One of our most frequently requested data types is international stock prices. Exchange Data International (EDI) is a trusted source for EOD stock prices from around the globe as well as over the counter (OTC) and corporate actions data. We are pleased to announce that EDI data will now be available in the Intrinio Financial Data Marketplace.
Pairing EDI’s much sought after data types with Intrinio’s platform will provide Intrinio’s users with a crucial data source and make it easier than ever to access EDI data. We launched the marketplace to make financial data affordable and easy to access – partnering with EDI allows us to expand that vision.
This article explains which EDI data feeds will be available, how much they cost, and how to access them in Excel or API formats. If you are interested in how Intrinio uses the Security Master to identify stocks across international exchanges, this article is a good resource.
Which EDI Feeds Are Available?
You can search all of the data feeds in the marketplace where you can select “Prices” to see the EDI plans:
You will notice many EDI plans as well as several non-EDI plans that also include stock prices. You can search by continent to see the plans that are available in each region.
Clicking on any of the data feeds will reveal a product page. Each product page includes the basic details of the plan:
- Data types
- Access methods
- Chat support for questions
- Terms and plan limits
- Subscription options
EDI international stock prices are separated by exchange and include EOD stock prices. For example, it is possible to subscribe to Bombay Stock Exchange Prices, National Stock Exchange of India (NSE) Prices, Toronto Stock Exchange Prices, or data feeds from more than 150 other exchanges.
The feeds include historical prices back to 2007, high, low, volume, open, and close as well as prices adjusted for splits and dividends.
How much do they cost?
As with all Intrinio data feeds, you can see the pricing plans that are available on each product page:
Intrinio usually splits pricing plans into three categories – Individual, Startup, and Enterprise. Individual plans do not include redistribution but any number of analysts or developers at a firm may be added as collaborators to a single paid plan. Startup plan’s include redistribution and are intended for new firms with less than $10,000 in monthly recurring revenue (MRR) and less than $200,000 in funding. Enterprise plans are designed for larger firms with custom needs and can be tailored to fit redistribution, data volume, and access requests.
In keeping with our mission of increasing the affordability and accessibility of financial data, our goal is to keep the prices of these data feeds competitive with other providers.
How can They be Accessed in Excel?
If you haven’t already installed Intrinio’s free Excel add-in, follow this tutorial. If you have used Excel to access Intrinio data in the past, you might have used this syntax:
The datapoint function is used to pull the most recent data for a stock with the ticker representing a stock symbol and the tag representing a data type. Pulling the most recent close price for Bharat Heavy Electricals Limited, a NSE listed stock, would look like this:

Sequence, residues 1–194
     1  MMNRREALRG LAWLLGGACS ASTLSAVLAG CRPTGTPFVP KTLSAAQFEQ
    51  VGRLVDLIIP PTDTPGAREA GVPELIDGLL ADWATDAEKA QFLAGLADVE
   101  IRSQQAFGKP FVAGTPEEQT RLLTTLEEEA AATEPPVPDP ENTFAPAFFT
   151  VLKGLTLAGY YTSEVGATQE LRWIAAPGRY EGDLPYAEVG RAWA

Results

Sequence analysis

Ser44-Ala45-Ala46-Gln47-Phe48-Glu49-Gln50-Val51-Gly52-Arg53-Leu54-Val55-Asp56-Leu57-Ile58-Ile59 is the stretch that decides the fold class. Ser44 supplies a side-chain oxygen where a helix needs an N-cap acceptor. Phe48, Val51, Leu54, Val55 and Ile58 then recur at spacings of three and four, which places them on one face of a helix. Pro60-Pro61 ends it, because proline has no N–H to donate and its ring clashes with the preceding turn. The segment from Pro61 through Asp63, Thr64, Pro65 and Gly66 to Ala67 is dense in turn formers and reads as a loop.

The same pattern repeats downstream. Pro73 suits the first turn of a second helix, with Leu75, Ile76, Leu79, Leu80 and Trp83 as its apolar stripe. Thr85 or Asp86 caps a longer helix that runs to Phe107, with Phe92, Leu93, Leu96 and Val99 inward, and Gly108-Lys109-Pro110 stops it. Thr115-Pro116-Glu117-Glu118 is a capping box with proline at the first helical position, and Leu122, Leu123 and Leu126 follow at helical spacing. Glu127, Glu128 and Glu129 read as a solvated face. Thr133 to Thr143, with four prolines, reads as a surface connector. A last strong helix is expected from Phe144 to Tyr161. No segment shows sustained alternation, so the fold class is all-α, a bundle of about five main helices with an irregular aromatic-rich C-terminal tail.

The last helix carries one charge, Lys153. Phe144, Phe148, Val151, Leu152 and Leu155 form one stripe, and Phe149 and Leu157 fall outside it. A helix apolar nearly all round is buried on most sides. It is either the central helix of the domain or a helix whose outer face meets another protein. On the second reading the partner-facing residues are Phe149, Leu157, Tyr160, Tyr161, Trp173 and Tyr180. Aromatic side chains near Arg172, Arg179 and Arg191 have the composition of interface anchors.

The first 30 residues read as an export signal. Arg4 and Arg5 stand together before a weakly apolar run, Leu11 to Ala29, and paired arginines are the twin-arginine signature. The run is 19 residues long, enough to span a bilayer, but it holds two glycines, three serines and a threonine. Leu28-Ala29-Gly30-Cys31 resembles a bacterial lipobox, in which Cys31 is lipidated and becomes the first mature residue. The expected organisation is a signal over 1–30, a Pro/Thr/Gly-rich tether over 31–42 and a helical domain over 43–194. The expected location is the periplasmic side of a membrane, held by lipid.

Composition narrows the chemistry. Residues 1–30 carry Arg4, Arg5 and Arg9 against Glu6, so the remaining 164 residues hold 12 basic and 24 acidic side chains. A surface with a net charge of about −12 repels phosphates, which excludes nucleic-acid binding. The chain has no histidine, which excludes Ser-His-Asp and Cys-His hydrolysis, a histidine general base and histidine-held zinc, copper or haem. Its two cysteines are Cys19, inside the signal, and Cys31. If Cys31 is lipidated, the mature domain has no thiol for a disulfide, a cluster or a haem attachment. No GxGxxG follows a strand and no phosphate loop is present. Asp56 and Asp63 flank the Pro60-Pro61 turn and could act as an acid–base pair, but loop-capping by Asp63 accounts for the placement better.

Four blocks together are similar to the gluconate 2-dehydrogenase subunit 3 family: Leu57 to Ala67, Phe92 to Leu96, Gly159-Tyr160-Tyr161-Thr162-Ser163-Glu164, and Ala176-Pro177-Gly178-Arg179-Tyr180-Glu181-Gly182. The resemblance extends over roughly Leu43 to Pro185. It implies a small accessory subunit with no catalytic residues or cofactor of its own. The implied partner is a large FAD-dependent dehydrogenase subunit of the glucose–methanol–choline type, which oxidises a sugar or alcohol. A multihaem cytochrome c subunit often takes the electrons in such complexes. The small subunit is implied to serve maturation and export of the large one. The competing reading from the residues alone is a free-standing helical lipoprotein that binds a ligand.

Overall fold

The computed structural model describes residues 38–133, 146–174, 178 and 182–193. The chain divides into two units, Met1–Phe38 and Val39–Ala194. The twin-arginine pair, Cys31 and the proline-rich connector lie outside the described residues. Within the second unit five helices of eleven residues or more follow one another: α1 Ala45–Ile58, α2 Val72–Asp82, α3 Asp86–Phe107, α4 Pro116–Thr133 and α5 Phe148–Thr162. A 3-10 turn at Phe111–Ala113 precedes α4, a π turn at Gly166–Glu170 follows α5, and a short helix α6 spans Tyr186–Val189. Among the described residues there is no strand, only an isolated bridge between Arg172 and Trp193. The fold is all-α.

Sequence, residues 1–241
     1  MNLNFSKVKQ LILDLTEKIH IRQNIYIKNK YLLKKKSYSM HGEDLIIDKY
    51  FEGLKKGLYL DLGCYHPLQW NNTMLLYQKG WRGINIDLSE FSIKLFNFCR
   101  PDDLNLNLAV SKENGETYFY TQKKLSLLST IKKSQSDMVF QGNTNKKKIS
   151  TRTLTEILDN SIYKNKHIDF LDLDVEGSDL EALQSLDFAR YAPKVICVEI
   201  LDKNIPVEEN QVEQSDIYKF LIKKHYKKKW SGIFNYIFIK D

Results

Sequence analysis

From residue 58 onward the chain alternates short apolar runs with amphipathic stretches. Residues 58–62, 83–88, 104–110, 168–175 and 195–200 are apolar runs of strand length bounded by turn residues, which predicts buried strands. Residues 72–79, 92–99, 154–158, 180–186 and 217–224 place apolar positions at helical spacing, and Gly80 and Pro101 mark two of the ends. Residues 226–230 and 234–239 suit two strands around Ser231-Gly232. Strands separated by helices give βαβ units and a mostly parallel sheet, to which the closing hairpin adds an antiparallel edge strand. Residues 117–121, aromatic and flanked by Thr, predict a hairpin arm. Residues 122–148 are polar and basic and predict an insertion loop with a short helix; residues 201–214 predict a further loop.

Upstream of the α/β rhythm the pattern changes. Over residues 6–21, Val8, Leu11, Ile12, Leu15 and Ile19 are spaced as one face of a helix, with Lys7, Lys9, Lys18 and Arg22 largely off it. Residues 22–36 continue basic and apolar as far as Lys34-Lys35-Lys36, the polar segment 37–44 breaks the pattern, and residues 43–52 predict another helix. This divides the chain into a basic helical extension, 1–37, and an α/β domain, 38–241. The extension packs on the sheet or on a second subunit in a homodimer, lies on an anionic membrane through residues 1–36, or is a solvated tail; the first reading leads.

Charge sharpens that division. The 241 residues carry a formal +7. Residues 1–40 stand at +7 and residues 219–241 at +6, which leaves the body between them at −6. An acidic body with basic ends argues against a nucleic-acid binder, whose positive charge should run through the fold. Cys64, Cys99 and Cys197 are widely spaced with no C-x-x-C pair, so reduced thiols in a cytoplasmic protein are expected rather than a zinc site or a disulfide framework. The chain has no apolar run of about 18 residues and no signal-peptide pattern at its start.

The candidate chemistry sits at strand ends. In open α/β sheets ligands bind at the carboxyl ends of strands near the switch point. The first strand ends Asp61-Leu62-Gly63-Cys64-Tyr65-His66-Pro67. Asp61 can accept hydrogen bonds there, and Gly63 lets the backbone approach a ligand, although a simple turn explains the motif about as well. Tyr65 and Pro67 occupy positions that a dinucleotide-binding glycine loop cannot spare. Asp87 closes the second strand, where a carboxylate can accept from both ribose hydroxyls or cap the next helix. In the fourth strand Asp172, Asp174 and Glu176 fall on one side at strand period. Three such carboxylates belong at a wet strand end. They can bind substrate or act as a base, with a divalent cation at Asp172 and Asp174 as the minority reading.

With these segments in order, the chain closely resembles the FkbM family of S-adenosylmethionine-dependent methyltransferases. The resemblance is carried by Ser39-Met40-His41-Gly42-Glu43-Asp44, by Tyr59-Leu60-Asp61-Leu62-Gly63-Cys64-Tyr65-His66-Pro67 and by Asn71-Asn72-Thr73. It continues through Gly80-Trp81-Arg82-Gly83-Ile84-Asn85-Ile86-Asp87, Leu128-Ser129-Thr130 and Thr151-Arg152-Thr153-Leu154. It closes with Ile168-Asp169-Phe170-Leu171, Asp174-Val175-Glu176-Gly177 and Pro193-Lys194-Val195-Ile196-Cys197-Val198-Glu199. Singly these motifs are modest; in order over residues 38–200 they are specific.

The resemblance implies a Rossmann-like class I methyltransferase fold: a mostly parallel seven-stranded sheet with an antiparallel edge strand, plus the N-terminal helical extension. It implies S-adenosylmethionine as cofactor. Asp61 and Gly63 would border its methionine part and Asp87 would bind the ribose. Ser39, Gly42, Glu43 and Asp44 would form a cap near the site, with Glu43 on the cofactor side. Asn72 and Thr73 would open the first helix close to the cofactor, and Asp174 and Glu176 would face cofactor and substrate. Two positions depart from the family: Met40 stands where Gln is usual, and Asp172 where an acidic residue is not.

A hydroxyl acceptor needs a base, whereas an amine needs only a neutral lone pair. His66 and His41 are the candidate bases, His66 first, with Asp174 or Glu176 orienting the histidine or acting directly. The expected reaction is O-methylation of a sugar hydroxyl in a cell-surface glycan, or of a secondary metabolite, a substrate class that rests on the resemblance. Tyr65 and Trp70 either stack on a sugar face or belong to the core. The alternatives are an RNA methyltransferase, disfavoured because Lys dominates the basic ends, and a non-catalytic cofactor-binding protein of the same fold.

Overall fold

There are thousands of stocks and hundreds of tags that can be used with the data point function in Excel. You can look up the tags for EDI data feeds here.
It is important to note that you must specify an exchange along with a ticker. OpenFIGI makes it possible to look up these combinations since a single ticker symbol might represent different stocks or be on different exchanges.
The Intrinio historical data function is also available for most EDI data feeds:
=intriniohistoricaldata(“ticker”, “tag”, sequence, “start_date”, “end_date”, “frequency”)
This functionality allows an analyst to determine what an EOD price from an international exchange was on a certain date in the past. For example, to see the close price from the previous example for 100 days ago, this syntax would be used:
=IntrinioHistoricalData(“BHEL:IS”, “close_price”, 100, “2007-01-01”, “2017-01-01”, “daily”)
Our help page provides great resources for learning how to access EDI data in Excel, including a link to our documentation and the ability to chat with our team.
How can International Stock Prices and Other EDI Data be Accessed in API Format?
If you aren’t already familiar with the Intrinio API, this article will get you started. It includes examples of how to authenticate, sample code in numerous languages, and sample API calls.
The same base syntax that works in Excel for datapoint is also available for EDI data via the API. Here is an example for the close price of BHEL from NSE:
That syntax can be used with any ticker or EDI tag if you are subscribed to the proper EDI data feed. Pulling the historical data would look like this:
To get all EOD data for specific date, use the identifier for the exchange. For page two from 2017-01-24 from NSE:
It is crucial to remember that international stock prices from EDI require an exchange and an identifier concatenated together in this format: ticker:exchange.
Why get EDI Data From Intrinio?
Unlike big data providers, Intrinio doesn’t bundle international stock prices into an expensive monthly subscription. Unlike smaller data providers, Intrinio only has one API. This means you can subscribe to the data feeds you need from EDI or other providers while still using a single API or Excel syntax rather than a different syntax for each provider.
This simplicity and cost structure is designed to make financial data easy to access and affordable for fintech developers and financial analysts. Pairing EDI estimates of earnings with Intrinio’s platform is a win for financial data consumers everywhere.